The atmosphere is very conducive to browsing and learning, and Tara and Alex were great at keeping tabs of all the night’s projects and patrons. I also took the print time to chat with Alex, who filled me in more on the business plan.

with Alex

Alex and I flank the MakerBot Replicator Z18, with a bust of Tesla that had been printed on the machine

Proto BuildBar opened its doors in the first week of November, Alex told me, and has been up and running for about six months now.

The bar is owned by Chris Wire, and Alex brought his background in bar/restaurant openings to play in the process; it turns out he’d also been behind the opening of another Dayton restaurant I’d been to last year and really enjoyed, so he was clearly the right man for the job.

While Proto BuildBar gets the expected clientele of nerds and tinkerers, Alex told me the biggest surprise was that their main demographic has so far proven to be fathers coming in with their children. We’ve been seeing that 3D printing is great for the younger generations, and that observation is certainly in evidence here. (Proto BuildBar is completely family-friendly, with coffee, soda, and sandwiches available in addition to the bar offerings.)

I asked Alex how business had been so far.

“Great, really great,” he said. “We’re already considering our next three locations. Our hopeful plan is ten nationwide by 2017. We’re planning on going really aggressive in the market.”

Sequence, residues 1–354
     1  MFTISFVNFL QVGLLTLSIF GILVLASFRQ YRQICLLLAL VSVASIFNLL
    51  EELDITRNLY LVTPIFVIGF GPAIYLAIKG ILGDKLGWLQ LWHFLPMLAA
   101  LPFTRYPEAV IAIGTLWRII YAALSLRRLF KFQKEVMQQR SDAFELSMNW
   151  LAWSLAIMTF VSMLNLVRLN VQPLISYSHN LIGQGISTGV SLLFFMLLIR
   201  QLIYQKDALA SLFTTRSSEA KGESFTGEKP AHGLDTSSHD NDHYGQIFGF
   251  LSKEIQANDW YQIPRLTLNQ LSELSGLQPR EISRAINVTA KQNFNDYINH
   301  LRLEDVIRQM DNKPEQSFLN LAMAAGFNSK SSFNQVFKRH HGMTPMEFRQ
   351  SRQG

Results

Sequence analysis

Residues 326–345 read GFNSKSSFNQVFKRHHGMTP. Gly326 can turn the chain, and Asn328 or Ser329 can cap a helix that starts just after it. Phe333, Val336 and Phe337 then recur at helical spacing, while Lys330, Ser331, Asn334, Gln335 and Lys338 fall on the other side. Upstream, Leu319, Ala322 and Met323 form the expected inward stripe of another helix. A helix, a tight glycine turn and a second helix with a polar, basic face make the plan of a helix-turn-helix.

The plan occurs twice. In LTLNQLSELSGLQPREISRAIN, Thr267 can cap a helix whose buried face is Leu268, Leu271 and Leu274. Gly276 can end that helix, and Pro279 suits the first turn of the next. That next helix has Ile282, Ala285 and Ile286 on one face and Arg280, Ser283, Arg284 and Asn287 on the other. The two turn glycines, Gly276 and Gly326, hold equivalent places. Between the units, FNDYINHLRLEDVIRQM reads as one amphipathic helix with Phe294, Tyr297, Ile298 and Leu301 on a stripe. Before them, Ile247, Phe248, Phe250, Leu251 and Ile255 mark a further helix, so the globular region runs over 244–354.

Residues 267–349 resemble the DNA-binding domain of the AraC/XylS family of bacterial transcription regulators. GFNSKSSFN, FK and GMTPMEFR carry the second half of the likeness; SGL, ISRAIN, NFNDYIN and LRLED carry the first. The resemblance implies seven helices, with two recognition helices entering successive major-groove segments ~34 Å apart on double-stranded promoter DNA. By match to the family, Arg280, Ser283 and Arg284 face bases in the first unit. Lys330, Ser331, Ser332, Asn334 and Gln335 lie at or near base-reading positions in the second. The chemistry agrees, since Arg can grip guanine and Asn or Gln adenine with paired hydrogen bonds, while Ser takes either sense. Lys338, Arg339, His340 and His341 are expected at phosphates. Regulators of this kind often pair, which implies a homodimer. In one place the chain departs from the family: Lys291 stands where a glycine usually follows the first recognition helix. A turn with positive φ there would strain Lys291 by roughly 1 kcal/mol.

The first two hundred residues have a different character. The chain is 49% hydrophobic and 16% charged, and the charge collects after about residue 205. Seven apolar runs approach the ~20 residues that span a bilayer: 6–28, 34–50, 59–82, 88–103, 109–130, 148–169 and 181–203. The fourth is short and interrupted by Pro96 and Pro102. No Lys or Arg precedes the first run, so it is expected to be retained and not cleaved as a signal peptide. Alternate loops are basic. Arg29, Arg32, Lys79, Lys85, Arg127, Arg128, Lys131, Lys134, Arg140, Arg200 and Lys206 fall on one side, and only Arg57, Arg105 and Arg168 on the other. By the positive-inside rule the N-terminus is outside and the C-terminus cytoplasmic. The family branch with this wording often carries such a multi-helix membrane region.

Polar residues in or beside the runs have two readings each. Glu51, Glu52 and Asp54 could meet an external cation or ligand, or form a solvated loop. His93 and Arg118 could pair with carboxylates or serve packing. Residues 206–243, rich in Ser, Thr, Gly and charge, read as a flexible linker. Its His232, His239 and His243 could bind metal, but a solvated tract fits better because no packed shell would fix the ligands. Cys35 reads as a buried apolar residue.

The next three markets they’re looking at are Austin, Pittsburgh, awith my dragonnd Portland, and once they go nationwide, the team might consider franchising. (I suggested Lakewood, Tremont, or Ohio City for a second Ohio location, as those would be far more convenient for me!)

I also asked about their hardware preferences, as clearly they favor MakerBot machines. Alex told me that his favorite is the MakerBot Replicator Mini, which he says is “best, bullet-proof,” while the head engineer loves their Ultimaker.

“I don’t know if we’ll go with anyone else,” Alex said. “We have a good relationship with MakerBot. I love MakerBot because they’re adding cameras, offer self-leveling, apps, and remote video capabilities. When we open to a larger market, we’ll have centralized printing. Two to three times more printers, and a streamlined approach.”

Sarahs with printsEase of use is particularly important for this business, as many customers are unfamiliar with the equipment–and plug-and-play machines allow for speedier employee training. One of the greatest parts of the MakerBot ecosystem, Alex said, is the Smart Extruder; despite its problems, it is much better to be able to swap out a clogged extruder quickly and not have the machine down for the count during repairs.

When 90 printing minutes were up, Tara pried our prints off the beds. Mine didn’t print with any supports, but Tara supplied Sarah with pliers and showed her how to get the supports off her raven. Both of our prints came out great!

Have you been to Proto BuildBar? Where else do you think they might find a good location during their planned expansion? Let us know your thoughts and experiences in the Proto BuildBar forum thread over on Check out some more photos from my visit below.

resolution models

A handy reference for the differences in quality/timing for different print resolutions

my workstation

My workstation

cookie cutters

3D printed cookie cutters, including some great Ohio shapes


The 3D prints I got from the quarter/50 cent gumball machines, on my workstation

our prints

The Sarahs’ successful prints: a dragon and a raven